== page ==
19 March 2021 

The region’s peak business advocacy organisation, Business Illawarra, is encouraging local businesses to participate in a consultation process designed to simplify the process of selling goods and services to the NSW Government.

“Government contracts are a vital source of revenue for small and medium business across the Illawarra, particularly as we emerge from the economic turbulence of COVID-19. But consistent feedback from our members is that the process of supplying to government can be complex, challenging to navigate and often quite opaque,” said the Executive Director of Business Illawarra, Mr Adam Zarth.

“Small and medium enterprise, which is any business with fewer than 199 staff, makes up the vast majority of Illawarra businesses – 98 percent in Wollongong alone – and forms the backbone of our regional economy.”

“But doing business with government can be fraught with challenges, not least of which is a perceived lack of clarity on tender requirements and transparency of decision-making.”

“In addition, these businesses have limited resources and commonly complain about complex administrative and legal requirements that hamper them when competing with larger, better resourced, rivals. The data indicates small businesses spend up to one third of their time dealing with administrative tasks such as government tenders. This results in significant productivity loss for the business and the broader economy.”

“Small and medium enterprises are often specialised suppliers and can represent a very competitive value for money proposition on specific projects. It is important that the processes and policies for Government procurement do not act as a barrier to entry to these businesses. The economic benefits of securing the right supplier for a particular project cannot be underestimated”.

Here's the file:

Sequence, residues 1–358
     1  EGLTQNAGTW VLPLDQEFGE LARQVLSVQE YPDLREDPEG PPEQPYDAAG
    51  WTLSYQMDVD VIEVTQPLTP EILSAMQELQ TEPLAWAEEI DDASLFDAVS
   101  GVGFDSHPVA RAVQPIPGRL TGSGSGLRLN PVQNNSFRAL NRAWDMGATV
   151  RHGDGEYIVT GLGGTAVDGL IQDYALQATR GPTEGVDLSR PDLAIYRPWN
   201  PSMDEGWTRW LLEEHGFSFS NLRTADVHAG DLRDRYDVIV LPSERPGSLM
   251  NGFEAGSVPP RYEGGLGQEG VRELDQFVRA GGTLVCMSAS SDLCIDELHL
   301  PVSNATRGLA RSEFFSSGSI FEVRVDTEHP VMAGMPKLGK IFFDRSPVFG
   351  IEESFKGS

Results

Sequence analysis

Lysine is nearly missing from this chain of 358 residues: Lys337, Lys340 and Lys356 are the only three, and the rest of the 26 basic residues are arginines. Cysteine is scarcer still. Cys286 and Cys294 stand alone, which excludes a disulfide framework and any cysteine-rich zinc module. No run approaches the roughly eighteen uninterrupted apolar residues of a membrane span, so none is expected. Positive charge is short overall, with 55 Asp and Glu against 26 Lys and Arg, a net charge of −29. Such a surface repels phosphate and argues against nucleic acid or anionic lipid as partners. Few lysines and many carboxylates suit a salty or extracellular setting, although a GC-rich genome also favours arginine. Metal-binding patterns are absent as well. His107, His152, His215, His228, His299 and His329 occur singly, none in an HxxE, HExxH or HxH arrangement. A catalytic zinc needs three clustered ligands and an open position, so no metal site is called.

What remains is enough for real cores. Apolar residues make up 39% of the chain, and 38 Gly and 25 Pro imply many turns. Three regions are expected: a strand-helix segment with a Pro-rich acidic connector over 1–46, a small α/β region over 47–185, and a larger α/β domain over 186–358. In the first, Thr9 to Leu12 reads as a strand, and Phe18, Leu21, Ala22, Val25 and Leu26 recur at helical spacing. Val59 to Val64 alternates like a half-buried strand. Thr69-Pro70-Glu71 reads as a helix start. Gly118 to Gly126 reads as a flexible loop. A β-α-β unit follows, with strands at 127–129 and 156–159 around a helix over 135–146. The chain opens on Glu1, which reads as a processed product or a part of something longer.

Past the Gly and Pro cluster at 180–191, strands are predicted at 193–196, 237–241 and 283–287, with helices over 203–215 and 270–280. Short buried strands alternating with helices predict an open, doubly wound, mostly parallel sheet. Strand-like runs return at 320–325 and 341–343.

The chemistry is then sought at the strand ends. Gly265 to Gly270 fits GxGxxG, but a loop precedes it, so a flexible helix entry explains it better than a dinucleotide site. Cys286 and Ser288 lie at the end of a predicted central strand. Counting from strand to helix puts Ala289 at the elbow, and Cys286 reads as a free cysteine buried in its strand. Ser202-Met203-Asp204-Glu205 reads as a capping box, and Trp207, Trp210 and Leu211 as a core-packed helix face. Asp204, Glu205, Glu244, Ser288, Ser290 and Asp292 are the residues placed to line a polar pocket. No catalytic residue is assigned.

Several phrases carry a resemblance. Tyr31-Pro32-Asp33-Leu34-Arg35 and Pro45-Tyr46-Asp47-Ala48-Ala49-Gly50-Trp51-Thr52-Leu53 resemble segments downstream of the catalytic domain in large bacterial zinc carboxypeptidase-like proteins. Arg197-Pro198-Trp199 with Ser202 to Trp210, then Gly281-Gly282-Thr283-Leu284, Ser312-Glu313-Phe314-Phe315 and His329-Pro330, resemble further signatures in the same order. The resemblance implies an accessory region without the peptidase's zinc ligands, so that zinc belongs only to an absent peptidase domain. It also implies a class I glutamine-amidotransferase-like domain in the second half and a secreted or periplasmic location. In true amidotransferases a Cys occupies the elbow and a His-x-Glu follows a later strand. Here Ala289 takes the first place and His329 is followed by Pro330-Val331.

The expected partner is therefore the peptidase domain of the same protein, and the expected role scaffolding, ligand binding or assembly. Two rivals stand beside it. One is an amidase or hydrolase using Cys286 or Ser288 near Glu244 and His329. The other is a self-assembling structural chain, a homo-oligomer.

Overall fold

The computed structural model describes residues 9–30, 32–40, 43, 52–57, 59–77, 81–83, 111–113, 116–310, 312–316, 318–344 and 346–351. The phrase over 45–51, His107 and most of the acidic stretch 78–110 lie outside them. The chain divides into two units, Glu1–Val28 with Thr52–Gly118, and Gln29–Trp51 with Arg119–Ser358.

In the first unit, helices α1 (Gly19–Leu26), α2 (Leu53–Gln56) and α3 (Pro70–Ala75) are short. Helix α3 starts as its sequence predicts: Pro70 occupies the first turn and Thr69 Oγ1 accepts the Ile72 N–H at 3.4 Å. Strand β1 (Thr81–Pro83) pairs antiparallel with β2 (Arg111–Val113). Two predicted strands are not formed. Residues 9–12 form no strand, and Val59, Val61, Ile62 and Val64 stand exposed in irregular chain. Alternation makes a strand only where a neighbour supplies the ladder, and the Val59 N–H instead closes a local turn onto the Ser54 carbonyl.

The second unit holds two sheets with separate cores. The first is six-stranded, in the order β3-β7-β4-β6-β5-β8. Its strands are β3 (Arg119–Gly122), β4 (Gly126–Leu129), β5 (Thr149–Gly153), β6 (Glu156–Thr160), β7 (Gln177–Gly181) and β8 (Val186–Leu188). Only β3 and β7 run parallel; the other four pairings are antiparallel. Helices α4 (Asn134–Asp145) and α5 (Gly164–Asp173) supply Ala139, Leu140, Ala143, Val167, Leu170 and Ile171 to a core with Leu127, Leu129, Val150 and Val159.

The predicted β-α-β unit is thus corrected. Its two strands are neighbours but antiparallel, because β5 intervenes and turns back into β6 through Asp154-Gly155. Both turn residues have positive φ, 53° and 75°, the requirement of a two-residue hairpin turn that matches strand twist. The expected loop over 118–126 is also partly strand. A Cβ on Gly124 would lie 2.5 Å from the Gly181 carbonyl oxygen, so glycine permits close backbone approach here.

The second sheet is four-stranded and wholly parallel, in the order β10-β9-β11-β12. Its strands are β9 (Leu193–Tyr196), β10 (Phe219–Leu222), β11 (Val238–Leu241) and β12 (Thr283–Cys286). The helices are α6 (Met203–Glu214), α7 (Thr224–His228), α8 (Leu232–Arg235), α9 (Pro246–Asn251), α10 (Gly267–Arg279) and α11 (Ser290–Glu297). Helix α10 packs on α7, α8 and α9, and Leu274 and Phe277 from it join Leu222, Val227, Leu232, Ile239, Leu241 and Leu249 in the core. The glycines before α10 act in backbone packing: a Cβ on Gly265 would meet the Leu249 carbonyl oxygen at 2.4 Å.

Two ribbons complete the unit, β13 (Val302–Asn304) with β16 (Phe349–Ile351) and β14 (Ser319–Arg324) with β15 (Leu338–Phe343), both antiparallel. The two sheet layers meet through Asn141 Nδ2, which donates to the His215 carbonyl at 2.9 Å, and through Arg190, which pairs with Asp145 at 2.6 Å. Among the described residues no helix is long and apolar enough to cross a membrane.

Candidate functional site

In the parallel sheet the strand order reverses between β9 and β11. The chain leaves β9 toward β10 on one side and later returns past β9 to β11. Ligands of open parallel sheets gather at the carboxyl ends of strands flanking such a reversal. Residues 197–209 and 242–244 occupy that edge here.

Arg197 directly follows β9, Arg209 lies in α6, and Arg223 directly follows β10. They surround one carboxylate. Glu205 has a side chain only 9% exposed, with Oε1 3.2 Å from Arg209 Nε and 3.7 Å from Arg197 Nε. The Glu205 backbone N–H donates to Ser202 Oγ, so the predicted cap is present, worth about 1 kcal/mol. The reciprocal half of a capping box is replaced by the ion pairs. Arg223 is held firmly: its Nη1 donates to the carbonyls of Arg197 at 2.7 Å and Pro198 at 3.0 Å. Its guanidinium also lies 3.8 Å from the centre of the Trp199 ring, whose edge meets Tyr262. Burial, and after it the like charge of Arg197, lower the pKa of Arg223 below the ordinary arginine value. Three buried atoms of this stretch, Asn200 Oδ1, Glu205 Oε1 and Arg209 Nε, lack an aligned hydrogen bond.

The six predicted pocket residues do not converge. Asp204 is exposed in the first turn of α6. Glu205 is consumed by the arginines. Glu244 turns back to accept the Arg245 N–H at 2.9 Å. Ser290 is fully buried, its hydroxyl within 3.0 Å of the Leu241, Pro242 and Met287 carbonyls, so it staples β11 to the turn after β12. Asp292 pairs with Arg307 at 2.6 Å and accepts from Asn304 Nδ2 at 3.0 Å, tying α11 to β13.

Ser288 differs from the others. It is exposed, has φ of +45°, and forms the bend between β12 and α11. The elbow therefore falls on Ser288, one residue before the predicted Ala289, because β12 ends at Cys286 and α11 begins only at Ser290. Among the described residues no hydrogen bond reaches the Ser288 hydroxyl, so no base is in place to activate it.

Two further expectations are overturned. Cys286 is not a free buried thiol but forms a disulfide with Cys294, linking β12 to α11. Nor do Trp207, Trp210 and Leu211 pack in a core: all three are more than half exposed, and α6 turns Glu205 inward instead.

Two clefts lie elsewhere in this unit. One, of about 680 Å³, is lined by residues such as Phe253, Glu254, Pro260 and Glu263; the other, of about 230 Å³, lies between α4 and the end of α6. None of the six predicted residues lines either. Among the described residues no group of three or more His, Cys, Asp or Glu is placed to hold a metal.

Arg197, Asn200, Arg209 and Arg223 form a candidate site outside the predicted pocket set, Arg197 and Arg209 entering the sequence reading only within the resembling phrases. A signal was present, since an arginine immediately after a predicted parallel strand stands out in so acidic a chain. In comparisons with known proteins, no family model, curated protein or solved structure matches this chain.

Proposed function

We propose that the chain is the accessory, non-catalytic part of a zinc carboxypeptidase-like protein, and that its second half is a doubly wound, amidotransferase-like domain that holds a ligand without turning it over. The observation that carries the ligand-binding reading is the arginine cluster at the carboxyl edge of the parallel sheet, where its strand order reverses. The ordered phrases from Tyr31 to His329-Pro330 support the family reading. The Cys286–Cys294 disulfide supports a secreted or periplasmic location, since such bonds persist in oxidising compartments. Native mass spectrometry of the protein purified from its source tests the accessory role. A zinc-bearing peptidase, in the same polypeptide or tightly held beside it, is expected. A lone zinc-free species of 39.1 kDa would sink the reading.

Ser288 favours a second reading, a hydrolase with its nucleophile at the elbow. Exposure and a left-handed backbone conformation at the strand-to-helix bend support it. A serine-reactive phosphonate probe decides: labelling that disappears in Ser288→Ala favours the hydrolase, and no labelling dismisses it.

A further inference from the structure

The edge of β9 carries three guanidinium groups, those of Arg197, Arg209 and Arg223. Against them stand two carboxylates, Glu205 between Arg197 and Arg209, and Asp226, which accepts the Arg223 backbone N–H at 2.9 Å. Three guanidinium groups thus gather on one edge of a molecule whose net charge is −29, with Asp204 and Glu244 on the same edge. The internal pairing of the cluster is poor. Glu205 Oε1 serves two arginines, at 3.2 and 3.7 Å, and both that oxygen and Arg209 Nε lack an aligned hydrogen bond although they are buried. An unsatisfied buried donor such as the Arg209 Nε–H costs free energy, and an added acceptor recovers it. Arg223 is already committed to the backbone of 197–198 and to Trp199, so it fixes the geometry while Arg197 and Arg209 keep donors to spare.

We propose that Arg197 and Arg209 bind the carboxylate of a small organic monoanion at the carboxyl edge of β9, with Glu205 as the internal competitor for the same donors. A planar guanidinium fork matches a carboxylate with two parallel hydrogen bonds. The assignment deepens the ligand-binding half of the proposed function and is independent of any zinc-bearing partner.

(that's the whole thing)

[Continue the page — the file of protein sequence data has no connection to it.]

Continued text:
““The Government’s consultation process is a good opportunity for local businesses to provide input on the reform of Government procurement to ensure it remains fit for purpose and enables small, medium and regional businesses to secure Government work. I encourage all eligible businesses to contribute to the consultation process before the deadline of 31 March 2021,” said Mr Zarth.

Submissions can be made via the NSW Government’s consultation page available via this link.


Comments from Business Illawarra members

Mr Michael McKeogh, General Manager of Fibre Optics Design & Construct Smart Solutions, says: “The complex contractual requirements are too complex for smaller operators. Contracts are in legal speak and up to 300 pages long and the requirements relating to retentions are unrealistic. Smaller operators must bear huge financial risk as payment is delayed until the principal contractor has received sign off for their entire project, not the sub-contractors works – this can sometimes be years after the sub-contractor completes their work. This is particularly difficult when the practice of ongoing variations (additional work) doesn't allow the original contract to be signed off as complete.”

Mr Daniel Rowan, Managing Director of Internetrix, and representative of Illawarra small business on the NSW Government’s new Small Business Reference Group says: “It is often difficult for suppliers to understand exactly what goods or services a Government buyer is seeking simply based on tender documentation. NSW Government procurement would benefit from greater transparency and this would ideally extend to the criteria agencies use to inform decisions on a preferred bid. Trade shows, which are a common feature of Federal Government procurement processes, may be a useful mechanism to improve the interface between buyer and supplier. The insurance requirements are also disproportionate for smaller businesses and there is need to consider reforms to introduce downward pressure on premiums.”